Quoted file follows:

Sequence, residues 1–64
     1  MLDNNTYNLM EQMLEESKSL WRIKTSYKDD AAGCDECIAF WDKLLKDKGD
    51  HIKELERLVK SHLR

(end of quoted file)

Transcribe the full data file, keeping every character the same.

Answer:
Sequence, residues 1–64
     1  MLDNNTYNLM EQMLEESKSL WRIKTSYKDD AAGCDECIAF WDKLLKDKGD
    51  HIKELERLVK SHLR